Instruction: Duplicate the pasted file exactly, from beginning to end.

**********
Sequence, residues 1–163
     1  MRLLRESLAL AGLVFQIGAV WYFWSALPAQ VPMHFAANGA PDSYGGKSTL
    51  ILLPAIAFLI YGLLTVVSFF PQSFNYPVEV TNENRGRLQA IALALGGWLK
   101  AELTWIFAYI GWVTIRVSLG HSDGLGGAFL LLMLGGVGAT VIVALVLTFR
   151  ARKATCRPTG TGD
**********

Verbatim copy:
Sequence, residues 1–163
     1  MRLLRESLAL AGLVFQIGAV WYFWSALPAQ VPMHFAANGA PDSYGGKSTL
    51  ILLPAIAFLI YGLLTVVSFF PQSFNYPVEV TNENRGRLQA IALALGGWLK
   101  AELTWIFAYI GWVTIRVSLG HSDGLGGAFL LLMLGGVGAT VIVALVLTFR
   151  ARKATCRPTG TGD